It’s Now Possible to Boot Android on i.MX6 Platforms Without Proprietary Blobs

It’s Now Possible to Boot Android on i.MX6 Platforms Without Proprietary Blobs

In order to make Android boot on most hardware platforms, developers usually have to mix open-source code with proprietary files. These so-called blobs are distributed by vendors to support some platform-specific features. Robert Foss from Collabora reported that is now possible to boot Android on i.MX6 platforms without the use of proprietary blobs at all.

Support for buffer modifiers has been added in both Mesa and gbm_gralloc. Mesa has had support added to many of the buffer allocation functions and to GBM (which is the API provided by Mesa, that gbm_gralloc uses). On the other hand, gbm_gralloc in turn had support added for using a new GBM API call, GBM_BO_IMPORT_FD_MODIFIER, which imports a buffer object as well as accompanying information like modifier used by the buffer object in question.


The NXP’s i.MX6 is one of the many embedded SoCs that no longer requires proprietary blobs at all to boot Android. This makes the i.MX6 more attractive as a development platform, and also lays the groundwork for supporting the i.MX8 platform in the future.

When modifiers are in place they are used to represent different properties of buffers. These properties can cover a range of different information about a buffer, for example, compression and tiling.

For the case of the iMX6 and the Vivante GPU which it is equipped with, the modifiers are related to tiling. The reason being that buffers can be tiled in different ways (Tiled, Super Tiled, etc.) or not at all (Linear). Before sending buffers out to a display, they need to have the associated tiling information made available, so that the actual image that is being sent out is not tiled.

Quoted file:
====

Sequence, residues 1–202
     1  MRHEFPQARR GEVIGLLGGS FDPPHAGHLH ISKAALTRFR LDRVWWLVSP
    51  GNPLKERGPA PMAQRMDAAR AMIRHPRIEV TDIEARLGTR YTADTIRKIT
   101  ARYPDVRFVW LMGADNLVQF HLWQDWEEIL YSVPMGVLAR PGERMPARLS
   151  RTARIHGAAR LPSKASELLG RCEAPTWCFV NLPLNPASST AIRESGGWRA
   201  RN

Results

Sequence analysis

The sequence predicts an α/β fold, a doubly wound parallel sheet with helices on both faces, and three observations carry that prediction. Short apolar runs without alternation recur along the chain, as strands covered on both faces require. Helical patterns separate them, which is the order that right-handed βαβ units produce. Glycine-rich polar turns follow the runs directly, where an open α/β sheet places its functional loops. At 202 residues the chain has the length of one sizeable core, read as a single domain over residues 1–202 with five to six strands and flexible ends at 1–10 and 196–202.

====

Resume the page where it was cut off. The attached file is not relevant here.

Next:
To better understand how all this works, please take a look at the video below to see ZII RDU2 board (i.MX 6QuadPlus) booting Android using the Mesa open-source graphics stack.

While this is a huge win for the open-source, we should not expect many OEMs to start sporting this SoC in their devices. One of the major drawbacks of the platform is its age. The platform was first unveiled in 2011.

Source: Robert Foss at Planet Collabora Via: Softpedia

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Tomek Kondrat
Tomek Kondrat

In his 30's. Joined XDA in 2011 and the portal in 2013. Senior Moderator and Developer Committee Leader. Android enthusiast that needs to have his devices rooted. Likes football (the real one), travels, TV shows, Kodi, post-rock and good food. Contact: [email protected]

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